The 1 Thing These Couples’ Therapists Tell Newlyweds Is Such Valuable Advice
Deciding to tie the knot is a huge step for a couple to take, and while marriage may be all smiles in the beginning, some ups and downs are almost always to be expected. Often, advice can be most helpful before problems arise to avoid doing more damage than necessary. That's why I asked five professionals for their juiciest pieces of advice for couples who have recently said "I do". The one thing these couples' therapists tell newlyweds isn't all the same, but they definitely do echo similar sentiments.
Although it seems like we're constantly hearing about the high divorce rate plaguing the United States, the truth is that according to a recent analysis by University of Maryland sociology professor Philip Cohen, the divorce rate actually fell 18 percent between 2008 and 2016. Surprisingly, the data suggests that younger generations are outperforming their parents when it comes to staying married because more and more couples are deciding against marrying before they're financially established.
It's probably safe to say that divorce isn't top-of-mind for most newlyweds, but actively cultivating a healthy marriage is a process that ultimately might help a relationship work out in the long run. Below, some advice from real life couples' therapists that can help you make sure your marriage starts off strong, and stays that way.
Make sure you're being regularly supportive of each other.
Ask yourself daily, "Am I there for my partner?" And if the answer is ever no, get to work. Emotional responsiveness is a good predictor of how strong a marriage will be — it's absolutely essential to make your partner feel safe and secure in the marriage. If you haven't already, discuss how you both feel supported by the other, what helps you feel able to be vulnerable with the other, etc. And when your partner reaches for you — whether for affection or support — acknowledge their attempt for your attention and connection.
— Anita Chlipala, relationship expert and licensed marriage and family therapist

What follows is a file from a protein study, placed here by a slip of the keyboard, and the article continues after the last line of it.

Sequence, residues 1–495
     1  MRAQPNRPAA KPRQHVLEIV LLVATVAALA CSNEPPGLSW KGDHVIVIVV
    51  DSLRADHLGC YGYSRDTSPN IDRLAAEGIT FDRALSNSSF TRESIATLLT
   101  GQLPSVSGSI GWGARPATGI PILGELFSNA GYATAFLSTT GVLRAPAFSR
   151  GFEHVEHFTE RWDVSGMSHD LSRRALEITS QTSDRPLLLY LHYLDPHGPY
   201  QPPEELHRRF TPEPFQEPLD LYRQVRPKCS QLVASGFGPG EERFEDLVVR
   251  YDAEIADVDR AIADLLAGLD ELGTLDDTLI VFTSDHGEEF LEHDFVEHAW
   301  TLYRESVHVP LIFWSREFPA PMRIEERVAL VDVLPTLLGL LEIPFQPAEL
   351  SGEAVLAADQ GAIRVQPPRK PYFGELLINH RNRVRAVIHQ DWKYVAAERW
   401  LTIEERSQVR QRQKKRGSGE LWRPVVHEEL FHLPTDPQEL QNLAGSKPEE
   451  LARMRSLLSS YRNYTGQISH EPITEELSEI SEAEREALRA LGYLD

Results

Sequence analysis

Make sure you both feel appreciated.
The most important thing I recommend for newlyweds is to never take your partner for granted. One of the very best ways to do that is to find ways to express your gratitude for them. Find something every day to thank them for. It doesn’t need to be a big thing. Anything that you are sincerely grateful for can make someone’s day. Saying “thank you” each day can go a long way. Do this and you will dramatically increase the chances that your marriage will be more fulfilling, because you won’t take your partner for granted. There’s nothing like knowing you're appreciated to help keep your love alive.
— Dr. Gary Brown, Los Angeles-based dating and relationship therapist
Let yourselves feel all of your emotions, good or bad.
Even happy occasions are still transitions. All major life transitions start with an ending. Prepare for a boatload of emotions. Honor the grief that comes up with the transitions so that you can make way for all the new opportunities your married life will present to you. Be patient and remember why you made the choice to marry when things get hard.
— Jennifer B. Rhodes, licensed psychologist
Learning to negotiate with each other is key.
The one most important piece of advice I would give to newlyweds is to negotiate. Forever and ever is a long time together, and couples need to be on the same page about major issues such as money, children, home ownership, relocation and retirement plans, among many other issues. Ideally, couples may want to negotiate a life together prior to an engagement. It is of the utmost importance, however, that couples plan and commit to a the kind of life they both want, together, rather than waiting to be suddenly hit with urgent decision-making. Negotiating life decisions together as early on as possible so there are fewer uncomfortable surprises in the future and so compromises can be made in advance.
— Denise Limongello, psychotherapist and relationship expert
Make sure you're contributing equally to the relationship.
Marriage becomes challenging because of cumulative things that create resentment and unresolved conflict. Establish equity in daily living responsibilities early. Oftentimes people don’t fully appreciate the effort, time and planning related to the things that their partner does. I’m not talking about cultivating romance. I’m talking about daily living and functioning. i.e., If you’re preparing dinner for your partner and prior to you they were used to ordering out or restaurants, they became accustomed to someone else preparing their food. Their needs are being met. The time, effort, and planning isn’t part of their equation so it isn’t reciprocated. That differential is what can cause resentment and arguments.
— Clarissa Silva, behavioral scientist and relationship coach
Despite how much you know about yourself and your partner, transitioning into marriage isn't always easy. If you realize you might need some outside input, there's nothing wrong with reaching out to a professional. Don't feel like you have to wait until a conflict has reached its breaking point before asking for help.